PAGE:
I’ve been on an eggplant kick lately. It’s summertime and eggplant are everywhere in the farmer’s markets and grocery stores. People seem to be terrified of eggplant, probably because they don’t know how to cook it. The beautiful thing about these great vegetables is that they can be prepared so many different ways: grilled, fried, baked, or stewed. The real secret is to salt them for about 30 minutes before cooking, to remove the bitterness, and when frying, to use insanely hot grape seed oil. Grape seed oil works best because it has a very high smoke point (216 °C or 421 °F) and minimizes the amount of oil absorbed by the eggplant.
Using smaller eggplants works best: they have fewer seeds, and some people say they are less bitter.
Caponata alla Siciliana MUST be made the day before serving. It really needs to marinate and meld in the fridge overnight. Serve it on toasted bread as a crostini, or spoon some onto your plate and enjoy it with a fork.
Ingredients and Directions:
- About 1/4 cup grape seed oil
- About 2 tablespoons olive oil
- Salt and pepper to taste
- 3 small eggplants
- 1/2 cup medium diced onion
- 1/2 cup medium chopped celery
- 1/3 cup chopped pitted green olives
- 3 tablespoons drained bottled capers
- 1/4 cup red wine vinegar
- 1/2 tablespoon sugar
- 3 tablespoons golden raisins
- 3 tablespoons pine nuts, toasted lightly*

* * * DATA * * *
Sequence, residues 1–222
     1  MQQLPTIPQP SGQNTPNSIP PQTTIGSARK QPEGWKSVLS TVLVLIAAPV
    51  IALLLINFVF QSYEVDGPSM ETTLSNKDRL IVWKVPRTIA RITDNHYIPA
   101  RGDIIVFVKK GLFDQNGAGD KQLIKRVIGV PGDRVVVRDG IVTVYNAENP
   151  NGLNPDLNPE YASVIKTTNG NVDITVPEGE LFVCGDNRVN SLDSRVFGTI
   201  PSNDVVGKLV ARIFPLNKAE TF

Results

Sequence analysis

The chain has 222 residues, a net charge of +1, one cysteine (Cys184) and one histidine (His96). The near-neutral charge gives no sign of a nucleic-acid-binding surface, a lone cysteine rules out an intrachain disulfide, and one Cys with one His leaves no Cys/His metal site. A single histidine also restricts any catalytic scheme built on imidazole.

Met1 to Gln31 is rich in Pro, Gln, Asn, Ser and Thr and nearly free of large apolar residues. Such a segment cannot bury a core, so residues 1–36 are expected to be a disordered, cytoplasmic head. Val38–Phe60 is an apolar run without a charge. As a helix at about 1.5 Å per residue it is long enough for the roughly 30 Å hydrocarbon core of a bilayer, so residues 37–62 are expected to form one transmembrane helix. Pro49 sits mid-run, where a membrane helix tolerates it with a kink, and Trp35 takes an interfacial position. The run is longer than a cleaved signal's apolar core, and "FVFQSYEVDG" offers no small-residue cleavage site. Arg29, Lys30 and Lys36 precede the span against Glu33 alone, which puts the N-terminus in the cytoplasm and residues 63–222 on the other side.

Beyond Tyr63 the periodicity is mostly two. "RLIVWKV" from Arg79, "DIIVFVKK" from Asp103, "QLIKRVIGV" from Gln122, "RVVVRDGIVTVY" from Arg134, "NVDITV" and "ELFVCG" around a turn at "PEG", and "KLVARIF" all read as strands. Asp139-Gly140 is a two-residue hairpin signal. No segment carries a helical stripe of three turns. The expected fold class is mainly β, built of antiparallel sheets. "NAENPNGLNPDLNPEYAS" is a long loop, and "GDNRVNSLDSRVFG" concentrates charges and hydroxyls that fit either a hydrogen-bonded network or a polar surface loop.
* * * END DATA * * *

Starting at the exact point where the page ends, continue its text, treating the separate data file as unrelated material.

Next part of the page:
- 3 plum tomatoes, cut into a 1/4-inch dice (about 1 cup), or one 14.5-ounce can diced tomatoes, drained
- 1/4 cup finely chopped flat-leafed parsley leaves
* Pine nuts have become a very expensive product. You can substitute other small nuts such as roasted sunflower seeds or roasted pumpkin seeds.
- Slice the eggplant into 1/2–inch thick disks and salt each slice on both sides. Place in a colander for about 30 minutes or until you see a great deal of liquid seep from the eggplant. Wipe off the water and salt with a paper towel. Stack the disks and cut them into ½-inch cubes.
- In a heavy skillet, heat the grape seed oil over high heat until it is hot but not smoking. In it cook the diced eggplant, stirring, for 3 to 5 minutes, or until it is tender and lightly browned. Transfer the eggplant to a plate lined with paper towels. Wipe the skillet with a paper towel to remove any burnt eggplant bits and any remaining grape seed oil.
- To the skillet add the olive oil and cook the onion and the celery over moderate heat, stirring, for 5 minutes or until soft.
- Add the olives, the capers, the vinegar, the sugar, the raisins, the pine nuts, and the tomatoes to the pan and cook the mixture, covered, stirring occasionally, for 15 to 20 minutes, until the tomatoes are soft. Remove from heat and add the cooked eggplant to the skillet and stir to incorporate. Let cool to room temperature.
- Stir in the parsley and chill the mixture, covered, overnight to let the flavors combine.
- Season the caponata with salt and pepper
You don’t say how much eggplant to use in the Caponata.
Never mind. I just reread the recipe. I had seen it on another website and it had left out the amount of eggplant. Gratia
Great! Let us know how it turns out! Joe
Would this be a good recipe to be canned? That way you could also enjoy it in the winter!! Thank you.
Anthony: Yes I think so. You can only can things that are high in acid and the tomatoes, capers, etc should be plenty for this. Thanks. Joe
My first experience of caponata was at one of the street markets in Palermo. This takes me right back there. Delicious recipe. Grazie!
Nick: Thanks for comment!! I personally can’t wait till eggplant is in season again!! And to return to Sicily myself. Joe